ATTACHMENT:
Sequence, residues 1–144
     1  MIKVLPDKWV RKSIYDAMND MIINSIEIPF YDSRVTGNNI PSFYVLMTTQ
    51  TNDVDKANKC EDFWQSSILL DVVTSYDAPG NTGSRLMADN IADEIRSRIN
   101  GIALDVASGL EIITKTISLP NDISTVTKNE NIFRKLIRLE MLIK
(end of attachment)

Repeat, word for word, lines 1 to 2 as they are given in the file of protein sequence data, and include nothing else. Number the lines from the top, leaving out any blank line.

Sequence, residues 1–144
     1  MIKVLPDKWV RKSIYDAMND MIINSIEIPF YDSRVTGNNI PSFYVLMTTQ